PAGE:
Real Israel: Fancy Flights

A trip to the Hula proves a soaring success.

Agmon Hula nature reserve 521 (photo credit: Liat Collins)
Agmon Hula nature reserve 521
(photo credit: Liat Collins)
You’ve heard of birds of paradise? Well, if you travel to the Agmon- Hula Nature Reserve in Upper Galilee you can see paradise for the birds and heaven for the bird-watchers.
The popularity of the site is soaring, not only among feathered creatures, but also among amateur ornithologists, nature lovers and ordinary tourists looking for an extraordinary trip.
Israel is a natural bottleneck for migrating birds traveling between Europe, Asia and Africa and it attracts some 500 million of them a year. Wherever there are large concentrations of birds – particularly rare species – you’ll find bird-watchers of all types flocking to see them.
The Agmon-Hula reserve has proved so noteworthy that last year BBC Wildlife magazine listed it in the No. 9 spot out of the Top 20 sites for nature observation in the world.
Currently (until January 8), the Galilee region is hosting its first annual International Ornithological Festival, aimed at the general public as much as dedicated bird-watchers, and intended to show the farmers and decision- makers that protecting the habitats available to birds is beneficial not just for avian species but also as part of the increasingly fashionable trend of ecotourism.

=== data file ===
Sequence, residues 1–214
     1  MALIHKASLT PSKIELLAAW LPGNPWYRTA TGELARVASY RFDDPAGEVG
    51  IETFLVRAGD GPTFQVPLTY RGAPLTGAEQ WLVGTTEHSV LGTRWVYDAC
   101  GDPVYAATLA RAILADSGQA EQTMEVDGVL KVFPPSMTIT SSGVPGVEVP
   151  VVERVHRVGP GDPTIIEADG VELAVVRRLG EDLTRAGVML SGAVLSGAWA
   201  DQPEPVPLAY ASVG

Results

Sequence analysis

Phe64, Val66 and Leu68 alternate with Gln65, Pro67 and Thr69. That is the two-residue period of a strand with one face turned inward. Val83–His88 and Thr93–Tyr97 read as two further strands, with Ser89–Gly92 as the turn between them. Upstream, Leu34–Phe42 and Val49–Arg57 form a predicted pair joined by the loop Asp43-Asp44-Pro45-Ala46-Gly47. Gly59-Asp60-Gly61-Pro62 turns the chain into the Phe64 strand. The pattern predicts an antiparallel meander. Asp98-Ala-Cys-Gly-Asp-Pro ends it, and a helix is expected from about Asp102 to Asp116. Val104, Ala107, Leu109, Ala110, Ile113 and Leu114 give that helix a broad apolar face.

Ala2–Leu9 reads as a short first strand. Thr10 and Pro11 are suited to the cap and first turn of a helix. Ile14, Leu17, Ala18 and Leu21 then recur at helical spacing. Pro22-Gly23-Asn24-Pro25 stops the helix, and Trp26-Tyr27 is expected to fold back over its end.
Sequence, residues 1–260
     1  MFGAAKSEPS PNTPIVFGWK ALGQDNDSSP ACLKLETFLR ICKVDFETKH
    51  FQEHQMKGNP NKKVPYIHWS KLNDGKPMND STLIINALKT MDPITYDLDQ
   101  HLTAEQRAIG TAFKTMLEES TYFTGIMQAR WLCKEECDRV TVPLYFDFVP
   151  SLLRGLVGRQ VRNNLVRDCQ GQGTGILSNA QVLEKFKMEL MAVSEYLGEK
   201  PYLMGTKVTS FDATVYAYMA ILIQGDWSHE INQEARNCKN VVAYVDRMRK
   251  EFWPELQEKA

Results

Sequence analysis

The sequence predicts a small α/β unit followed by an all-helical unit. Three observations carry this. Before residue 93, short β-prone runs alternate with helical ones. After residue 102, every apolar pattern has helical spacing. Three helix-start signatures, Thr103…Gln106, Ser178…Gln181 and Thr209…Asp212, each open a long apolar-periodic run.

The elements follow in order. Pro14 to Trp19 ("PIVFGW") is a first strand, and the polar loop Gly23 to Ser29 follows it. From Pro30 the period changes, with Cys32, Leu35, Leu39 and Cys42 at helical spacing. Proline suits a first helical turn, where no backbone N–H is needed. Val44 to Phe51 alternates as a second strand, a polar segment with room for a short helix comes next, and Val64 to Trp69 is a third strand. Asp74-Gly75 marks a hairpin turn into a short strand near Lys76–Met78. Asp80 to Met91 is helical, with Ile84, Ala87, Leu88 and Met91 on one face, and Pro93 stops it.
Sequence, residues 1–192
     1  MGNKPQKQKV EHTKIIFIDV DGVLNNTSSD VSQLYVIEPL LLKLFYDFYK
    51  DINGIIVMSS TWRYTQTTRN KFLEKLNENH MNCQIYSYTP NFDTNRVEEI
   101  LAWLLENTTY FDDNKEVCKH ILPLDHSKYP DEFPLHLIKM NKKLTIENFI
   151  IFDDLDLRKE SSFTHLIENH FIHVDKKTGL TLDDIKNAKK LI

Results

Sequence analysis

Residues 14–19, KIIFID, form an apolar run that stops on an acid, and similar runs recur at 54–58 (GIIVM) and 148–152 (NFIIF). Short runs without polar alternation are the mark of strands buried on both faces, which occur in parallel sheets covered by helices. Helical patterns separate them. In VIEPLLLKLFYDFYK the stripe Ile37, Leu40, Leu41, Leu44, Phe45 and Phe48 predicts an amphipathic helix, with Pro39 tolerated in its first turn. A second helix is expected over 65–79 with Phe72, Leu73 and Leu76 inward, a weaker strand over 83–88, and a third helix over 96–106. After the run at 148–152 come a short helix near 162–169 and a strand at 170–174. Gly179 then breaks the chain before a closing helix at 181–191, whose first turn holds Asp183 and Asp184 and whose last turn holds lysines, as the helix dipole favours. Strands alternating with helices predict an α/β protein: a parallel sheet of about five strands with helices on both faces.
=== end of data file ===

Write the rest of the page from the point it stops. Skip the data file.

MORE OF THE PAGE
I had a chance to be an early bird, visiting the lake area earlier this month as part of what has been described as the “Almost Annual Hanukka Hula Trip” which set out for a memorable day from the Jerusalem Bird Observatory next to the Knesset.
It was not my first visit (I even had the privilege of attending the historic reflooding ceremony sponsored by the Jewish National Fund in the mid-1990s), but nonetheless I “ooh-ed” and “aah-ed” the closer we got – especially when a flock of storks flew past the bus near Afula and when, nearer to the Hula, a marsh harrier appeared to be accompanying us, flying just outside the window. (This was not the last bird we saw anthropomorphically showing off: In the nature reserve, a common kingfisher put on an uncommon show, hovering directly in front of our vehicle long enough for even the slowest and most amateur photographer and bird-watcher to get a shot.)
The JBO’s Alen Kacal took the English-speaking bus under her wing, and I found myself looking up to her and looking up with her as her eagle eyes homed in on species I hadn’t even heard off – for example, the black-tailed godwit, which she calls “a very nice bird,” and my bird-spotting neighbor and friend back in Jerusalem enviously described as “a rare and lucky find.”
Kacal is seasoned at guiding both keen amateur bird-watchers – some of whom can list the Latin names of species with alacrity – and people like me. I was armed with more enthusiasm than knowledge and equipped with a pair of children’s cheap zoo binoculars because I never quite got the knack of studying wildlife through anything more sophisticated. My nine-year-old, on the other hand, managed admirably with a pair of borrowed binoculars and welcomed the chance to look down Kacal’s telescope whenever he could. Even I managed to have the thrill of watching the pelicans particularly close up via the telescopic lens.